Slow-wave sleep

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Slow-wave sleep (SWS) is made up of the two deepest stages of non-rapid eye movement sleep.

SWS is often referred to as deep sleep. The highest arousal thresholds (e.g. difficulty of awakening, such as by a sound of a particular volume) are observed in Stages 4 and 3, respectively. One will typically feel more groggy when awoken from these stages, and indeed, cognitive tests administered after awakening from stages 3-4 indicate that mental performance is somewhat impaired for periods up to 30 minutes or so, relative to awakenings from other stages. This phenomenon has been called "sleep inertia." If deprived of sleep, there is a sharp rebound of SWS, suggesting there is more of a "need" for this stage relative to the other stages. The major factor determining how much slow wave sleep is observed in a given sleep period is the duration of preceding wakefulness, likely related to accumulation of sleep-promoting substances in the brain. Some of the few endogenous factors known to increase slow-wave sleep in the sleep period that follows them include body heating (as by immersion in a hot tub), high carbohydrate ingestion, and intense prolonged exercise. The latter probably exerts its influence by increasing body temperature, and may delay sleep onset when occurring proximal to sleep.

In addition to these factors, the duration of SWS periods can be increased by ingestion of alcohol, THC, SSRIs, and other drugs. In instances such as these, TST (Total Sleep Time) is often unaffected due to circadian rhythms and/or a person's alarm clock and early morning obligations. This increase of SWS can lead to increased REM latency and a decrease in REM period durations. If the total time spent in REM is decreased long enough and repeatedly over a substantial amount of nights a "REM rebound" will occur in response to removal of its inhibitor. An increase in REM is believed to produce symptoms of depression and bipolar disorder in many patients for an amount of time relative to the severity of the previous "REM suppression". It is debatable whether or not this could explain the return in symptoms of depression disorder after removal of SSRI medications.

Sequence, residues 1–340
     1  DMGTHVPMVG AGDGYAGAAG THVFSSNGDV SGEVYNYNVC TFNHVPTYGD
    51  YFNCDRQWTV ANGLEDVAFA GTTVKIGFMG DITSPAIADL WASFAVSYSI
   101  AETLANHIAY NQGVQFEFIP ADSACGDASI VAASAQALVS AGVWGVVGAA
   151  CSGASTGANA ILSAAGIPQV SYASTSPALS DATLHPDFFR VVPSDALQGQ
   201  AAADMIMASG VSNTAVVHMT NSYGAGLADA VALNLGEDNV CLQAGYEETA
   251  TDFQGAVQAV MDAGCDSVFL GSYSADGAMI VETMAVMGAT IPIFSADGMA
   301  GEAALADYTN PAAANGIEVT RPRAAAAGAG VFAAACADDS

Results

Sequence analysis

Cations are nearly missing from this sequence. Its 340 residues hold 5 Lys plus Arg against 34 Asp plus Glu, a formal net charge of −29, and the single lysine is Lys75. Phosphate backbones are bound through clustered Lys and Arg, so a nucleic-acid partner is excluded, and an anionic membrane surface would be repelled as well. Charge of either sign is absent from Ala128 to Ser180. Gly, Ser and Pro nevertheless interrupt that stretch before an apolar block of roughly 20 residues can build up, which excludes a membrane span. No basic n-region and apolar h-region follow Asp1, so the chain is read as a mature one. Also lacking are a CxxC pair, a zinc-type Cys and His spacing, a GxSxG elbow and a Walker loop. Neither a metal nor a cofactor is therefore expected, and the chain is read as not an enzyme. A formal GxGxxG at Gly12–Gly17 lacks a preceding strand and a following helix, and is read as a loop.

Electroencephalographic characteristics

Polysomnogram demonstrating SWS. High amplitude EEG is highlighted in red. Click on image for more information

Large 75 microvolt (.5 - 3 Hz) delta waves predominate the electroencephalogram (EEG). Stage 3 is defined by Rechtschaffen and Kales as the point where delta waves make up 20-50% of a 30 second EEG epoch (generally 8-13 delta waves). Stage four is defined as a 30 second epoch that consists of greater than 50% delta waves (usually 14 or more delta waves per 30 second epoch).

Longer periods of slow wave sleep occur in the first part of the night, primarily in the first two sleep cycles (roughly 3 hours). Children and young adults will have more total slow wave sleep in a night than older adults. The elderly may not go into slow wave sleep at all during many nights of sleep.

Slow wave sleep (SWS) is an active phenomenon probably brought about by the activation of serotonergic neurons of the raphe system.

The slow wave seen in the cortical EEG is generated through thalamocortical communication through the thalamocortical neurones. In the TC neurones this is generated by the 'slow oscillation' and is dependent on membrane potential bistability, a property of these neurones due to an electrophysiological component known as I t Window. I t Window is due to the overlap underneath activation/inactivation curves if plotted for T-type calcium channels (inward current). If these two curves are multiplied, and another line superimposed on the graph to show a small Ik leak current (outward), then the interplay between these inward (It Window) and outward (small Ik leak), three equilibrium points are seen at -90, -70 and -60mv, -90 and -60 being stable and -70 unstable. This property allows the generation of slow waves due to an oscillation between two stable points. It is important to note that in vitro, mGluR must be activated on these neurones to allow a small Ik Leak, as seen in vivo situations.

See also

References

  • Rechtschaffen, A; Kales, A (1968). A Manual of Standardized Terminology, Techniques and Scoring System For Sleep Stages of Human Subjects. US Dept of Health, Education, and Welfare; National Institutes of Health. 
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